Out-Law News | 18 Jul 2018 | 2:16 pm | 2 min. read
The penalty is the highest that the Commission has ever served on a business for a breach of EU competition rules. Its decision came after it highlighted concerns with practices relating to the Android mobile operating system and their effects on competition in the internet search market.
However, Google defended its business model for Android and said it will appeal the decision.
In its statement, the Commission took issue with the pre-installation of Google's 'search' app and 'Chrome' browser on "practically all Android devices sold in the EEA" and with payments it said the company made to mobile device manufacturers and network operators to ensure exclusive pre-installation of the search app. It accused Google of preventing device manufacturers that wished to pre-install Google apps from doing so unless they agreed not to sell devices that ran on alternative versions of its Android operating system that it had not approved.
EU competition commissioner Margrethe Vestager said: "Our case is about three types of restrictions that Google has imposed on Android device manufacturers and network operators to ensure that traffic on Android devices goes to the Google search engine. In this way, Google has used Android as a vehicle to cement the dominance of its search engine. These practices have denied rivals the chance to innovate and compete on the merits. They have denied European consumers the benefits of effective competition in the important mobile sphere. This is illegal under EU antitrust rules."
The company has been given 90 days to pay the fine the Commission has imposed or face potential further penalty.
Google has previously defended its "partner agreements" and said the business model it operates when selling its Android mobile operating system are good for both device manufacturers and consumers.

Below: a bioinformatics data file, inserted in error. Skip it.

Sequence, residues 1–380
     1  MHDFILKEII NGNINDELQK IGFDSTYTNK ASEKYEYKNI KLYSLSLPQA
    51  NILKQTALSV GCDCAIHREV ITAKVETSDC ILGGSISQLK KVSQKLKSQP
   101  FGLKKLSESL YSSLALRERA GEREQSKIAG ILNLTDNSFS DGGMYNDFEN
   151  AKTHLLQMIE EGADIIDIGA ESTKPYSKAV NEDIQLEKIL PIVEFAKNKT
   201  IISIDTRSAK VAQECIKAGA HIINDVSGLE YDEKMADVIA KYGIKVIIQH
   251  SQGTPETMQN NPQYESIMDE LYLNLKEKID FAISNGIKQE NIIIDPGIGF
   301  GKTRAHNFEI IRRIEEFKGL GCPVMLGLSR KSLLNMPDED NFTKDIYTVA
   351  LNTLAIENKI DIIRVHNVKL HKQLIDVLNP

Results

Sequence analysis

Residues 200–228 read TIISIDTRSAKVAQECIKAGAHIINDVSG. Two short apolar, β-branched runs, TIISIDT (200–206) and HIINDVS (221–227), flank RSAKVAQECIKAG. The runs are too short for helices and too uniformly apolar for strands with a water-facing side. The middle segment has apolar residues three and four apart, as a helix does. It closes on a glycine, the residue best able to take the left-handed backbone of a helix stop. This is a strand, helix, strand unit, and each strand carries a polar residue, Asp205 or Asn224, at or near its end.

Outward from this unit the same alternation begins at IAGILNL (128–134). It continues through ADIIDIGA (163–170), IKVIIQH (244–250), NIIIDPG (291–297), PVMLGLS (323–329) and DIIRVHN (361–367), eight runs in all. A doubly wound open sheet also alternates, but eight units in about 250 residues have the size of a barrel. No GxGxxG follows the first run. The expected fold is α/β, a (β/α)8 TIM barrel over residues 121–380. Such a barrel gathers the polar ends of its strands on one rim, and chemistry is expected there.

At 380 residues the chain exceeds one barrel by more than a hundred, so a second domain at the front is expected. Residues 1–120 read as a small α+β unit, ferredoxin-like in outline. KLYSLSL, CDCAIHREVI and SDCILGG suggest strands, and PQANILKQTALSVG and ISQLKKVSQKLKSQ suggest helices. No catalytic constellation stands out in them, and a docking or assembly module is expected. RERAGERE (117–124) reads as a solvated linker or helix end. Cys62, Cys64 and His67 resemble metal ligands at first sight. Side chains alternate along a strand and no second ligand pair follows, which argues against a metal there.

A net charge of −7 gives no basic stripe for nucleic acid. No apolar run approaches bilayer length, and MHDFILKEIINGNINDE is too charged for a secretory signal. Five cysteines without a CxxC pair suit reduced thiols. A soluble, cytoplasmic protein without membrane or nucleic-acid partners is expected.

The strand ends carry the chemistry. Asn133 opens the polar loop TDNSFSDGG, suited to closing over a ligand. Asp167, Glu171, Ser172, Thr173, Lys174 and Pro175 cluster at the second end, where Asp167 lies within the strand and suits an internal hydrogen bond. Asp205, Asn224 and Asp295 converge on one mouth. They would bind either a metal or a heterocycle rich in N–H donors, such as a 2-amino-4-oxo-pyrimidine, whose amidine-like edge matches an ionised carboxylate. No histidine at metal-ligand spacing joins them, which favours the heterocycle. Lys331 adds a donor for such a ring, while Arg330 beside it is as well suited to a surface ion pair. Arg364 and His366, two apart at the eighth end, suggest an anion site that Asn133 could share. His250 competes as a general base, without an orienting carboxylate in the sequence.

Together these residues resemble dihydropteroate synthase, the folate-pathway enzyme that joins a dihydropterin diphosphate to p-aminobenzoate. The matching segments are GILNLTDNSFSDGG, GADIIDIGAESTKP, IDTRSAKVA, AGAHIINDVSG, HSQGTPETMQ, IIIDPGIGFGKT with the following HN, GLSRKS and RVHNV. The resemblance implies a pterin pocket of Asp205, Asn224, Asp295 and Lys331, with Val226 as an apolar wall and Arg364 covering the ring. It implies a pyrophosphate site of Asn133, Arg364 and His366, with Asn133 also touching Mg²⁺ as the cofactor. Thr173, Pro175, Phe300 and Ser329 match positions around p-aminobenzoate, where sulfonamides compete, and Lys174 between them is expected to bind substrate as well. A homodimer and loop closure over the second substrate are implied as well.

In a new blog issued in response to the Commission's statement, Google chief executive Sundar Pichai said the regulator's decision had ignored the competition that Android mobile devices face from phones running on Apple's iOS software. He also said it also "ignores the new breadth of choice and clear evidence about how people use their phones today".
"The free distribution of the Android platform, and of Google’s suite of applications, is not only efficient for phone makers and operators – it’s of huge benefit for developers and consumers," Pichai said. "If phone makers and mobile network operators couldn’t include our apps on their wide range of devices, it would upset the balance of the Android ecosystem. So far, the Android business model has meant that we haven't had to charge phone makers for our technology, or depend on a tightly controlled distribution model."
"We are concerned that today’s decision will upset the careful balance that we have struck with Android, and that it sends a troubling signal in favour of proprietary systems over open platforms. Rapid innovation, wide choice, and falling prices are classic hallmarks of robust competition and Android has enabled all of them. Today’s decision applauds Android while rejecting the business model that supports it. Android has created more choice for everyone, not less, and we intend to appeal," he said.
Google is already appealing against an earlier decision by the Commission to impose a fine on it over the way the company displays product search results in the online shopping market.